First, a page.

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Oregon’s Eagle Creek Fire and the New Reality of Life in the Smoke-Filled American West

Oregon's Eagle Creek FireWhere I live, on the edge of the Columbia River, in southern Washington State, the light is yellow and strange, scattered by the thick smoke of a wildfire about twenty miles downstream.

The Eagle Creek fire, which started last Saturday afternoon, on the Oregon side of the Columbia River Gorge, quickly spread over more than thirty thousand acres of dizzyingly steep terrain; as of Thursday morning, it was only five per cent contained. Over the holiday weekend, the fire trapped a hundred and forty day hikers on a popular trail, obliging them to spend a cold, hungry, and terrifying night in the woods.

It has since forced about seven hundred people to evacuate their homes, and hundreds of others to prepare to leave on short notice. Some of the most beloved outdoor spots in the Pacific Northwest are in the path of the blaze. Already, the region has begun to mourn the transformation of its waterfall-fringed forests of Douglas fir and hemlock.


Mammoth Hurricane Irma makes landfall in Florida Keys

Hurricane IrmaHurricane Irma blasted its way to landfall Sunday in the Florida Keys as a mammoth, Category 4 storm with slashing rain and roaring, sustained winds of 130 mph, the National Hurricane Center said.

The storm was forecast to slam northward up the state, generally tracking along the Gulf Coast but bringing the havoc of hurricane-force wind, rain or storm surge just about everywhere. In Miami, high winds snapped a high-rise construction crane and water swept down streets like rivers. In Palm Bay, 175 miles to the north, six mobile homes were destroyed by an apparent tornado.


Feds agree to admit deported Dreamer for legal case

Feds agree to admit deported Dreamer for court case

Department of Homeland Security officials have agreed to allow the temporary return to the U.S. of a so-called Dreamer who claims he was unlawfully deported to Mexico on two occasions earlier this year.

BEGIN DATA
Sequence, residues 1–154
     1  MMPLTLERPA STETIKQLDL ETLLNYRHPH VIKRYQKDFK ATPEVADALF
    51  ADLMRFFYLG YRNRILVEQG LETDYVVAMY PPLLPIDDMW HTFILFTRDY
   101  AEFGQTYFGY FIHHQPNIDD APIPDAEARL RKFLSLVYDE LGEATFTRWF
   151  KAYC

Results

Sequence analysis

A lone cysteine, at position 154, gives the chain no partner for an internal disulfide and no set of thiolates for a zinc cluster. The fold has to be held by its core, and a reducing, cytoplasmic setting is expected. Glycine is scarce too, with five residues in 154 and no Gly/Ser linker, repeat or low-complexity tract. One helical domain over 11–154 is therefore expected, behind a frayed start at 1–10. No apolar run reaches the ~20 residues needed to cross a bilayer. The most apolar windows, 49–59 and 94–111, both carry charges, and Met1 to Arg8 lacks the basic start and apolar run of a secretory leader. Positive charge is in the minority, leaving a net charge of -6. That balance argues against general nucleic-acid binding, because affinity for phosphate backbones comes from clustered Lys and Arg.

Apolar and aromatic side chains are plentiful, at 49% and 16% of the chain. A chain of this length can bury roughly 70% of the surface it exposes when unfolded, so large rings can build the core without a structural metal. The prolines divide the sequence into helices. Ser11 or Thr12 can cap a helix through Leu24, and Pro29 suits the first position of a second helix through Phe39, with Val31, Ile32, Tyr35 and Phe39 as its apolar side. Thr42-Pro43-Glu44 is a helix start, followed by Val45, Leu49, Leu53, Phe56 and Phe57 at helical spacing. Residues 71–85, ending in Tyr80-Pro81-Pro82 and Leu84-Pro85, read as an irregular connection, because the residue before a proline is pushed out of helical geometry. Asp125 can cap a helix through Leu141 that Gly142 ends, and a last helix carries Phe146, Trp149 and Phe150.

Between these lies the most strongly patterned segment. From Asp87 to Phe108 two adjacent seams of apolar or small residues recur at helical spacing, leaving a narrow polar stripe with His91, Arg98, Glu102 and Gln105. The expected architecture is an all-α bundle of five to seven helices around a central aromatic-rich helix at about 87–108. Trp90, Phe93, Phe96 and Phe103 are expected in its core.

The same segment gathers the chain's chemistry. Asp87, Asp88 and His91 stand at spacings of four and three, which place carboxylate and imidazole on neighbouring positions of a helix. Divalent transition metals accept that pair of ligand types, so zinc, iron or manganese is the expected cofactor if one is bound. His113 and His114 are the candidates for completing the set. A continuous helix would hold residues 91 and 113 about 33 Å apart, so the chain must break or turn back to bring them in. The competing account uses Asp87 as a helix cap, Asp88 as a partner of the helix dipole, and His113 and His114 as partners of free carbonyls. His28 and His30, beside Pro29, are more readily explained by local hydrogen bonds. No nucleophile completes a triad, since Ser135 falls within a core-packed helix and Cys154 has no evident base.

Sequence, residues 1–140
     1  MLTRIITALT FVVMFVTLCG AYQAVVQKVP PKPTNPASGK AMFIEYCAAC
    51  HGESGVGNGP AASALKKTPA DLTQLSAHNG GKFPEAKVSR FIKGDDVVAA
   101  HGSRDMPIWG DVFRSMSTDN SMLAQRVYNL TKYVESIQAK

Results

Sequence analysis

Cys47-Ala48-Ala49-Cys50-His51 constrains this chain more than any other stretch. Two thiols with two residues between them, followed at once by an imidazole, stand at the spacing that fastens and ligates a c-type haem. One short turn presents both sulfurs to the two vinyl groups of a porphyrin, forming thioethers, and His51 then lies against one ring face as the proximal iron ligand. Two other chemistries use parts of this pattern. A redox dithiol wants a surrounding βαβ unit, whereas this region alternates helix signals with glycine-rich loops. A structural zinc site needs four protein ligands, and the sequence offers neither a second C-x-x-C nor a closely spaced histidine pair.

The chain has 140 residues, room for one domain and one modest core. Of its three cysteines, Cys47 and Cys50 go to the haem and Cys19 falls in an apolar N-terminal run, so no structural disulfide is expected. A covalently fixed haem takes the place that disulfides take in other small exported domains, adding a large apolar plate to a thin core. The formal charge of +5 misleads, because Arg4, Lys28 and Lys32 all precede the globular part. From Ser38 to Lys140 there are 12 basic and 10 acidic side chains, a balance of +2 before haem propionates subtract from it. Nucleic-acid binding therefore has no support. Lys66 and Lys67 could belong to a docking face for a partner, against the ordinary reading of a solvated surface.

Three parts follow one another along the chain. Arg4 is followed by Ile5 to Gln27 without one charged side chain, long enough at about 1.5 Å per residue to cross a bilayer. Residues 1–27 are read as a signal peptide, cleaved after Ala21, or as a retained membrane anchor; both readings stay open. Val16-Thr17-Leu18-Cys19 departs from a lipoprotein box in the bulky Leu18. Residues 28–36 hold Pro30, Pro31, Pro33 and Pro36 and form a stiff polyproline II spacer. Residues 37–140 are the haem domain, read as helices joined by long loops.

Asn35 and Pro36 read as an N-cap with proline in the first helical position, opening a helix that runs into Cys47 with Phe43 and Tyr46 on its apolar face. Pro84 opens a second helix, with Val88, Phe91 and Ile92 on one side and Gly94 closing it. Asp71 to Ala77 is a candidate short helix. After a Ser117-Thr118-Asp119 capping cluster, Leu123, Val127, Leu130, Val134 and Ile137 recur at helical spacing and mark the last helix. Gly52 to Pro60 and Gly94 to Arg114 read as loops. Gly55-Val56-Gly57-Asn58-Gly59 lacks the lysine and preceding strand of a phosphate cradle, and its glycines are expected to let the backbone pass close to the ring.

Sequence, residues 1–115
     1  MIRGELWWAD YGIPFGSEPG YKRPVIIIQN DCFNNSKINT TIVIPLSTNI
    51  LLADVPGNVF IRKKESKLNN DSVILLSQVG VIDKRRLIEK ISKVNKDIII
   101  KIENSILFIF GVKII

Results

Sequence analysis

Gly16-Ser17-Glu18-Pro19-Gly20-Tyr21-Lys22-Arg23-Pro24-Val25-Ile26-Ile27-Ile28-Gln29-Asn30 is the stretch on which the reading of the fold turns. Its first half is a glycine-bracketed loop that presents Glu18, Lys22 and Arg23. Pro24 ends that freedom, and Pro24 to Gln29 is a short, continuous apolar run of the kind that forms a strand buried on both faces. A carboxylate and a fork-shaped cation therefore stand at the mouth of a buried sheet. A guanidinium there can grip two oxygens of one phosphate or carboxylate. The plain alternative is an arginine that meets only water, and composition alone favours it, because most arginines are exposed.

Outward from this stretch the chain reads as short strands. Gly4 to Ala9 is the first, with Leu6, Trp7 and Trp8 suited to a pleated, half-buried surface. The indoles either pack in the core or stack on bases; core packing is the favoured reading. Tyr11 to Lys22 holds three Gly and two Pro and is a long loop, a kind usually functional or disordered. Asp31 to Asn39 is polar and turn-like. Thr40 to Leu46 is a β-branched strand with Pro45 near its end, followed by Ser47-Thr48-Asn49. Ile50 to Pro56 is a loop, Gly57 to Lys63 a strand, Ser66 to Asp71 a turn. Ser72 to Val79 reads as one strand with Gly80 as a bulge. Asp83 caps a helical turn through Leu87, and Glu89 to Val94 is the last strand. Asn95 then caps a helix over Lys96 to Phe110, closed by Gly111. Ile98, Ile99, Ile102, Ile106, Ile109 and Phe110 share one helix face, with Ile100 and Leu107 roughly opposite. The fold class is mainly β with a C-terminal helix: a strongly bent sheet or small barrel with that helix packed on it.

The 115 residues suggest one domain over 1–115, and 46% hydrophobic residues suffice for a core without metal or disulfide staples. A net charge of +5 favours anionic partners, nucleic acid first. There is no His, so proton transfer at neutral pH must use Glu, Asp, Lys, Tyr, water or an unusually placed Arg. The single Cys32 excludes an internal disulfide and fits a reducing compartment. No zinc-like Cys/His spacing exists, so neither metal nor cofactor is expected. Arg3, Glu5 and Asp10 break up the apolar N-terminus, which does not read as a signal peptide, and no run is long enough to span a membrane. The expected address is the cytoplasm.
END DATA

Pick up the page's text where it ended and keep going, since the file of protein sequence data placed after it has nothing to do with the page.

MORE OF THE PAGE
Officials from Customs and Border Protection agreed to allow Juan Manuel Montes Bojorquez, 23, to enter the U.S. for his deposition and trial in connection with a lawsuit he filed in federal court in San Diego in April claiming he was deported despite his participation in the Deferred Action for Childhood Arrivals or DACA program.


Eric Bolling’s 19-Year-Old Son Found Dead

Eric Bolling son found deadThe 19-year-old son of former Fox News host Eric Bolling was found dead Friday.

The cause of Eric Chase Bolling’s death remained unknown as of Saturday afternoon.

The younger Bolling died hours after Fox News announced it was parting ways “amicably” with his father. The Fox personality came under fire after HuffPost published a report in August revealing that he had sent inappropriate text messages to current and former female colleagues.


Equifax data breach could create lifelong identity theft threat

Data break at Equifax puts people at lifetime risk

When a credit card gets stolen, it's easy for the victim of the crime to shut down the card, get a new account number and avoid monetary loss. But financial peril rises and can persist for years when personal data likely to stay the same forever -- like Social Security numbers, names and dates of birth -- get stolen like it did in the cyber attack on credit-reporting service Equifax.

Once hackers gain access to these key pieces of personal data -- which is akin to the DNA of a person's online digital self -- it is at the cyber thieves' disposal forever to cause harm.


Feds Running Out of Money to Fight Massive Oregon Wildfire

Feds running out of money to fight Oregon firesWhile the East Coast prepares for Hurricane Irma, Oregon is battling an inferno that could bleed the U.S. Forest Service dry this week.

More than 30,000 acres of the Columbia River Gorge west of Portland have burned since  Saturday, according to Oregon State Police, and almost 2,000 homes are in the path of the fire. Meanwhile, the Forest Service faces a funding shortage, according to Oregon’s congressional delegation.


Major Hurricane Irma likely to deliver destructive blow to Florida this weekend

Irma likely to deliver destructive blow to FloridaAfter blasting the northern Caribbean, deadly Hurricane Irma will turn toward the United States, unleashing destructive winds, flooding rain and dangerous seas across Florida starting on Saturday.

"Unfortunately, there is no way the United States is going to avoid another catastrophic weather event," Dr. Joel N. Myers, founder, president and chairman of AccuWeather said.

"There will be massive damage in Florida. [It will be] the worst single hurricane to hit Florida since Hurricane Andrew in 1992," Myers said.


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